An outbreak of watery diarrhea struck within the Kakuma refugee camp in Kenya in April 2005; 418 people were treated, and 4 persons died. Vibrio cholerae Ol was isolated from 33 patients. In June 2005, we conducted a retrospective matched case-control study to define risk factors associated with cholera among camp residents and identify interventions that could prevent further cases and future outbreaks. We identified cases of cholera through medical records at the main health facility in the camp and matched controls (without watery diarrhea since November 2004) to the cases by age category (< 2,2-4,5-14, and > 14 years) and location of residence within the camp. Cases were defined as any person of any age with profuse, effortless watery diarrhea (three or more stools in 24 hours). A multivariate model showed that storing drinking water at home in sealed or covered containers was protective against cholera (matched odds ratio [MOR] = 0.49 [0.25,0.96]), whereas "sharing a latrine with at least three households" (MOR = 2.17 [1.01,4.68]) and arriving at the Kakuma camp on or after November 2004 (MOR = 4.66 [1.35,16.05]) were risk factors. Improving sanitation and promoting methods to ensure safe drinking water are likely to be effective measures in moderating future cholera outbreaks in this setting. Higher risks for cholera illness among refugees recently "in-migrated" suggest that there may be value in targeting new arrivals in the camp for risk reduction messages and interventions, such as covered water storage containers, to prevent cholera.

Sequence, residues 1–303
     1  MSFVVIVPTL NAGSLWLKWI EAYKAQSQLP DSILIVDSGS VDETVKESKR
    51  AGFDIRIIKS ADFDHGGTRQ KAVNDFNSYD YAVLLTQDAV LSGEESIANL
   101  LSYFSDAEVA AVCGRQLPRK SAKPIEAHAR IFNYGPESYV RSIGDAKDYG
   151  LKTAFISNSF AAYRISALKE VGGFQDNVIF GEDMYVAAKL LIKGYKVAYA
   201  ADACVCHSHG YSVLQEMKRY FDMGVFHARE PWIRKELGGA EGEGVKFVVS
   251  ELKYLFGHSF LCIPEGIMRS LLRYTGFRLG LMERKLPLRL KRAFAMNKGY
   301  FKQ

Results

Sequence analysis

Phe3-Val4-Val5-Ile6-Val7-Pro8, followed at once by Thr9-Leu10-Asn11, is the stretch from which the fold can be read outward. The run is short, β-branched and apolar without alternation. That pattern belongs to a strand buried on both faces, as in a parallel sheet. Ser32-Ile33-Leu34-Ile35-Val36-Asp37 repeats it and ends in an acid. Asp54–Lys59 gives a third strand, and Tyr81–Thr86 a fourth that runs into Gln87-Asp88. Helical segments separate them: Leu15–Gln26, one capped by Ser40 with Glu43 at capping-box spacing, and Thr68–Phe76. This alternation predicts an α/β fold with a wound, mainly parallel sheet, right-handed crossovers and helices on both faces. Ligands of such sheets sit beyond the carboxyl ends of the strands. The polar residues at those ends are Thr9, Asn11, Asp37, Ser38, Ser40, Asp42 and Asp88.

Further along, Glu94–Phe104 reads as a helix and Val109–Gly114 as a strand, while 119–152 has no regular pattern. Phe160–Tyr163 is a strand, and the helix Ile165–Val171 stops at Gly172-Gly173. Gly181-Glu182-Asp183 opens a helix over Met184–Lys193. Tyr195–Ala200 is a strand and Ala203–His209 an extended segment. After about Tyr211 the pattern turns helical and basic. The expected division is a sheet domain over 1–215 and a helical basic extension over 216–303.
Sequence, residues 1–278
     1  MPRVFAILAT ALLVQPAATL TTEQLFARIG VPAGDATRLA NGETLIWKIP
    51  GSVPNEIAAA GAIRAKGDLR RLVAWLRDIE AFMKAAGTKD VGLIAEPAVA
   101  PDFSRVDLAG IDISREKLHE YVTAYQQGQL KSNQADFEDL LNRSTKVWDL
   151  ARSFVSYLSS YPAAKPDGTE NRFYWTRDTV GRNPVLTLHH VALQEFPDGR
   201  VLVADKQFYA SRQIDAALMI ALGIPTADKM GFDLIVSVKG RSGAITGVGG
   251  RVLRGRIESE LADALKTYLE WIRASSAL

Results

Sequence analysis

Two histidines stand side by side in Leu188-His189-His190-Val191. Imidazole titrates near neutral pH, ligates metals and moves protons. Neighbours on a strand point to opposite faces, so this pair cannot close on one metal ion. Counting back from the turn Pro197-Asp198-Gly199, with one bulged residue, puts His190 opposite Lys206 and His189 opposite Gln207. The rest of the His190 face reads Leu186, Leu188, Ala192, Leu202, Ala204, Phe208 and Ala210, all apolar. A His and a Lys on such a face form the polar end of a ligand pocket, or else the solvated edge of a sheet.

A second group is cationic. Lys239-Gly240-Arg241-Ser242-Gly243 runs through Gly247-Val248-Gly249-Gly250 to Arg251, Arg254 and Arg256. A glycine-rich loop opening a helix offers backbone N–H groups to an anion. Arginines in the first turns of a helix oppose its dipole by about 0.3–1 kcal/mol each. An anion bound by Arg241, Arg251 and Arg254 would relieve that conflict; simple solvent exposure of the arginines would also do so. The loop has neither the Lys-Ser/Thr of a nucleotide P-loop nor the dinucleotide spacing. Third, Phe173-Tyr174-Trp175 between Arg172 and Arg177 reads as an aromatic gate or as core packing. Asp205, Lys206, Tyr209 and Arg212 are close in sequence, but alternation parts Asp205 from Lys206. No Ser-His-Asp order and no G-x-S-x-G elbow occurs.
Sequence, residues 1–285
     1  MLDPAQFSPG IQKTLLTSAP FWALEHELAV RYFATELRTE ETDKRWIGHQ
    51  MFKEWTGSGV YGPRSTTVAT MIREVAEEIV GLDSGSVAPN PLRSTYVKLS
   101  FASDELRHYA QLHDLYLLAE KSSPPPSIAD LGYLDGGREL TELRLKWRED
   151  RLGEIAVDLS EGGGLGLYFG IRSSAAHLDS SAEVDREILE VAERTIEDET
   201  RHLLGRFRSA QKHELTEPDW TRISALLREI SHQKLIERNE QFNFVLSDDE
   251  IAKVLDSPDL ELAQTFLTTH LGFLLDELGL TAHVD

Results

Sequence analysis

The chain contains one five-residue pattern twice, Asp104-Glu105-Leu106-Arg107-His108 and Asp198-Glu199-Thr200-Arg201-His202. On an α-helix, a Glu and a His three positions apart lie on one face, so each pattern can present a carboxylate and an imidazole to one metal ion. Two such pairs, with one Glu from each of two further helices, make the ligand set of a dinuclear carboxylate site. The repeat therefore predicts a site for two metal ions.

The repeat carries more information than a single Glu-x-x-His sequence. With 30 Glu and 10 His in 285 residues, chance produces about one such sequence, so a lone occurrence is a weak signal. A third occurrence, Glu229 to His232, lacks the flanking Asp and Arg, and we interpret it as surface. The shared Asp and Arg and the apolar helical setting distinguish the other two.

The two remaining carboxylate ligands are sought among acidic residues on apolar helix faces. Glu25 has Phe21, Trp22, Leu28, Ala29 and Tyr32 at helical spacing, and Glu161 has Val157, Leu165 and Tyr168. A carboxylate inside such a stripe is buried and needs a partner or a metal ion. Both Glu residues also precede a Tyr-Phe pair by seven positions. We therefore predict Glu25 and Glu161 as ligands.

|Original language||English (US)|
|Number of pages||6|
|Journal||American Journal of Tropical Medicine and Hygiene|
|State||Published - Apr 1 2009|
ASJC Scopus subject areas
- Infectious Diseases